Now imagine that you receive the letter on July 26 and jet to her bedside. You arrive on July 28 to find her asleep. She seems a little restless, but you don’t know whether that’s because she had a painful extraction yesterday or because she’s anxious about having an unpleasant one tomorrow. Now which do you prefer?

“I find that the large majority of people to whom I present these cases say that they would prefer, in the first case, for their daughter to have the merely unpleasant operation on the 29th, and, in the second case, for their daughter to have had the painful operation on the 27th,” writes MIT philosopher Caspar Hare. “Furthermore, in each case they feel that it makes sense to have the preference, given the way in which it is appropriate to care about a daughter. While they would be loath to condemn a parent with different preferences, they feel that such a parent would be making a kind of mistake.” Why should this be?

(Caspar Hare, “A Puzzle About Other-Directed Time Bias,” Australasian Journal of Philosophy 86:2 [June 2008], 269-277.)

A Perfect Alphabet

Thomas More’s Utopia gives us not only a description of that imaginary land but the actual alphabet used there: More’s friend Peter Giles wrote an addendum to the book that presents the letters and gives an example of the Utopian writing system:

Vtopos ha Boccas peu la chama polta chamaan.
Bargol he maglomi Baccan foma gymno sophaon.
Agrama gymnosophon labarembacha bodamilomin.
Voluala barchin heman la lauoluola dramme pagloni.

This is translated into Latin as

Utopus me dux ex non insula fecit insulam.
Una ego terrarum omnium absque philosophia
Civitatem philosophicam expressi mortalibus
Libenter impartio mea, non gravatim accipio meliora.

And in English this becomes

The commander Utopus made me into an island out of a non-island.
I alone of all nations, without philosophy,
Have portrayed for mortals the philosophical city.
Freely I impart my benefits; not unwillingly I accept whatever is better.

Working backward, this makes it possible to divine the meaning of a few Utopian words: boccas is commander, chama is island, voluala is willingly, and gymnosophaon is philosophy. You couldn’t really talk about much beyond perfect societies, but maybe that’s the point.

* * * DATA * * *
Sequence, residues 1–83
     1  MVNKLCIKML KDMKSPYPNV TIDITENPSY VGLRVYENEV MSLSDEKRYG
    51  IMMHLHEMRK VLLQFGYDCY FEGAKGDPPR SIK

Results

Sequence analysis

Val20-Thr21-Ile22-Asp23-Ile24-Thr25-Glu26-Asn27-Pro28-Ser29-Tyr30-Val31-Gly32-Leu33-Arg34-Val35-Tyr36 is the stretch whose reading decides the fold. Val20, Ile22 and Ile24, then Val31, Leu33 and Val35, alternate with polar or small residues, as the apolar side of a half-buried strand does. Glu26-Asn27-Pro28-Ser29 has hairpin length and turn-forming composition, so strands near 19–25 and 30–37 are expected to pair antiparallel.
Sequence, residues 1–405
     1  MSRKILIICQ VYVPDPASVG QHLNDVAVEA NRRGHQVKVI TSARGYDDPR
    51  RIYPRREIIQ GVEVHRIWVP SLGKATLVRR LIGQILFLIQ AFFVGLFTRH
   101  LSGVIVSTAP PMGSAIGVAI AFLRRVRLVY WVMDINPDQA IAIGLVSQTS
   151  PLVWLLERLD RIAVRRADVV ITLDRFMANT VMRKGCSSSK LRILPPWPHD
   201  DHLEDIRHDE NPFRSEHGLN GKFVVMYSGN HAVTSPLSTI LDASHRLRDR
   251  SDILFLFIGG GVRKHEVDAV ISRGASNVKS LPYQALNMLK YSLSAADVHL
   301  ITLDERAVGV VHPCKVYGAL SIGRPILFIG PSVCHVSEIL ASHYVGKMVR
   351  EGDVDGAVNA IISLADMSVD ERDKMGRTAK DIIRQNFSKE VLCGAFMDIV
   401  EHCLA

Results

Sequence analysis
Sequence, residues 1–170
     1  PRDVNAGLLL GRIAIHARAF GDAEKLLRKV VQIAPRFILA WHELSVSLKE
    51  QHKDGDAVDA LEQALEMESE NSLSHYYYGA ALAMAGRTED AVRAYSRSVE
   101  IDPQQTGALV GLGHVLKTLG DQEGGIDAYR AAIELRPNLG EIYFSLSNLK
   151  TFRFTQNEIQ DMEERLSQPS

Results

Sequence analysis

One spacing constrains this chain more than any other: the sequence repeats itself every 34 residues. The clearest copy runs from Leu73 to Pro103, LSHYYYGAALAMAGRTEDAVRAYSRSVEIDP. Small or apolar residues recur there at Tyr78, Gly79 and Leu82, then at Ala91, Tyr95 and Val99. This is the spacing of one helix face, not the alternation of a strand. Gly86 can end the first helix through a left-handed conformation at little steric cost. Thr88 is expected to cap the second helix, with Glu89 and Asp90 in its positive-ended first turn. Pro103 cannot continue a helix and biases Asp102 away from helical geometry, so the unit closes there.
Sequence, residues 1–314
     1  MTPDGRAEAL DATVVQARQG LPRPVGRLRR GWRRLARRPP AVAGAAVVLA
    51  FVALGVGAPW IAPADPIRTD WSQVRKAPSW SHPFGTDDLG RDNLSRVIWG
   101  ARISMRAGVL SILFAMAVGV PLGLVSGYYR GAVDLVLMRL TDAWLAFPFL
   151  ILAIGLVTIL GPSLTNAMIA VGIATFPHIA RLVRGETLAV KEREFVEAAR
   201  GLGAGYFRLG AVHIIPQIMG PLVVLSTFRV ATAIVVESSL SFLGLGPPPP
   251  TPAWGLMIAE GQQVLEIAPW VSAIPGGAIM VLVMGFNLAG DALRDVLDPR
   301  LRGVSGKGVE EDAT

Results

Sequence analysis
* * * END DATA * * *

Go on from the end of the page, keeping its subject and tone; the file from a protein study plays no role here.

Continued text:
With All Speed

The earliest photograph of a human figure on paper is “The Footman” by William Henry Fox Talbot, from 1840. Footmen came in several varieties; an early breed that quickly went extinct was the running footman, who would advance as a herald before his master’s carriage and also deliver urgent dispatches. In What the Butler Saw, E.S. Turner gives some amazing examples:

  • As the table was being laid for dinner in his castle at Thirlstane, the Duke of Lauderdale was informed that there was a shortage of plate, so he sent a running footman over the Lammermuir Hills to his other castle at Lethington, near Haddington, 15 miles away. The man returned with the additional plate in time for dinner.
  • In his Recollections of 1826, the writer John O’Keeffe remembers a running footman he saw in his youth in Ireland: “He looked so agile, and seemed all air like a Mercury; he never minded roads but took the short cut and, by the help of his pole, absolutely seemed to fly over hedge, ditch and small river. His use was to carry a message, letter or dispatch; or on a journey to run before and prepare the inn, or baiting-place, for his family or master who came the regular road in coach-and-two, or coach-and-four or coach-and-six; his qualifications were fidelity, strength and agility.”
  • One evening the Earl of Home sent a running footman from his Berwickshire castle to Edinburgh on important business. On going downstairs the following morning he found the man asleep in the hall. He was about to chastise him when the man told him he’d already been there and back, a distance of 35 miles each way. (If we allow 12 hours for this that’s 6 mph, allowing for a few breaks to eat and rest. That seems accurate — Turner says that a footman running before his master’s coach “was prepared to cover sixty miles and more in a day, at an average of six to seven miles an hour.”)

“In London the fourth Duke of Queensberry (‘Old Q’) continued to employ running footmen until his death in 1810. He would try out applicants in Piccadilly, lending them his livery for the occasion, and then stand watch in hand on his balcony to time their performance. There is a story that he said to one candidate: ‘You will do very well for me.’ The reply was, ‘And your livery will do very well for me,’ with which the runner bolted.”